Norman Borlaug Congressional Medal, Wikimedia Commons. Norman Borlaug would have been 100 years old last week. He has been called “The Man Who Fed The World,” and “The Father of The Green Revolution.” Norm Borlaug was the first plant pathologist to be awarded a Nobel Prize (1970) – for contributions to world peace. For all of use who are fellow plant pathologists, his work has been particularly inspiring. It is a good time to look back at how the challenge of feeding the world population was met during Borlaug’s career, because we have a similar challenge ahead of us.
The International Center for Maize and Wheat Improvement (CIMMYT) and Biology Fortified have produced a special video tribute to the late Dr. Norman Borlaug, a legendary CIMMYT scientist who developed high-yielding, semi-dwarf wheat that started the Green Revolution which is credited with saving over 1 billion people from starvation. The release of this tribute coincides with The Borlaug Summit on Wheat for Food Security, on what would have been the 100th birthday of Dr. Borlaug. His message of increasing food production and the importance of using science in this effort are still important today – perhaps more than ever
, Food security
, Norman Borlaug
, Plant Breeding
, wheat rust
“Palouse Wheat Field Sunrise” from the Charles Knowles Gallery Rogue wheat is growing in wheat fields in 127 countries around the world! Should consumers be concerned? Ok, I’m indulging in a poor imitation of the emotive language common in sensational writings about food issues. What I said in the paragraph above is all true, it’s just misleading because of a lack of context. After the “crisis” of glyphosate tolerant wheat being found in an Oregon field, I thought it would be useful to put that event into perspective. So… Wheat 1.0 Wheat is largely a “saved seed crop,” meaning that farmers set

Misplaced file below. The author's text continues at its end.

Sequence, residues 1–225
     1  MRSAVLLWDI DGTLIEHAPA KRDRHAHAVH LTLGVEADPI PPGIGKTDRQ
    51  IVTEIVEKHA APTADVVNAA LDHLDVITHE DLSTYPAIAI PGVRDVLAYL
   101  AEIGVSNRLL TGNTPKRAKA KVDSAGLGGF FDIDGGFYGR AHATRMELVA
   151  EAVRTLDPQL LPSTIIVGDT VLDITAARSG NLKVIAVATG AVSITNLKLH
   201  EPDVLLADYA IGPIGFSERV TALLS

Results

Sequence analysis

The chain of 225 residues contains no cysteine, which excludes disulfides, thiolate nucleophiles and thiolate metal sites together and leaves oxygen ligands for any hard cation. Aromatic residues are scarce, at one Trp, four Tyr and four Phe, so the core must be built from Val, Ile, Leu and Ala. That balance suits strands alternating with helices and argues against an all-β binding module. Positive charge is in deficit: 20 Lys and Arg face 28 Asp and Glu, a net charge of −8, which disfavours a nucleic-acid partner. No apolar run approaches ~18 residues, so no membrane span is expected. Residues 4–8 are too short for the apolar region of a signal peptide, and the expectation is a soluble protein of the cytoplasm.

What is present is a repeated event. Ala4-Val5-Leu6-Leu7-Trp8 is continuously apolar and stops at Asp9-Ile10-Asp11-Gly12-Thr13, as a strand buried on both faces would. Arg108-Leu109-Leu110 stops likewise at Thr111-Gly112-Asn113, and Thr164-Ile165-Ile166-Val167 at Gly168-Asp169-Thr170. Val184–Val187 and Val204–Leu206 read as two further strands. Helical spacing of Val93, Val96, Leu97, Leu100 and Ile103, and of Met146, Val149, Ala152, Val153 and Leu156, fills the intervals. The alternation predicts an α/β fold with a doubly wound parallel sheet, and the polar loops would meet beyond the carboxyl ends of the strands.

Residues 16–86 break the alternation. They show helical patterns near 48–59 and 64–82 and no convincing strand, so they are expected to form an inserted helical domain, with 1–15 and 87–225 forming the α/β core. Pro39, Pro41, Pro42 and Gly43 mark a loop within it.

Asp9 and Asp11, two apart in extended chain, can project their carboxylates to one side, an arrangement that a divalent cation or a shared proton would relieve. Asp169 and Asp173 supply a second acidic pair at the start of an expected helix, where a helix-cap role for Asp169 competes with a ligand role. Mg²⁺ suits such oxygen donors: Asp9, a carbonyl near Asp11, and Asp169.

Frank wants to learn more about wheat. Most Biofortified Blog readers will have heard by now that glyphosate tolerant genetically engineered wheat has been found growing in a field in Oregon. There’s a lot of interesting details to consider, but for now we’ll start with a simple list of links to help you find reliable information as this story develops. First, let’s look at some general information about regulation of agricultural biotechnology in the US. There are three agencies that cover different aspects: FDA covers aspects that involve human or animal safety. FDA’s Role in Regulating Safety of GE Foods.
Greenpeace activists Jessica Latona and Heather McCabe leaving the ACT Supreme Court at an earlier hearing. Photo by Rohan Thomson, Canberra Times. Two convictions and a hefty fine bring a close to a case of Greenpeace destroying a plot of experimental genetically engineered wheat, but whether this will be the last of such incidents is unclear. Last year, Greenpeace planned and executed a public relations campaign to go after genetically engineered wheat being developed by CSIRO in Australia. The wheat was developed to have an altered starch composition, making it slower to digest and release sugars into the body, and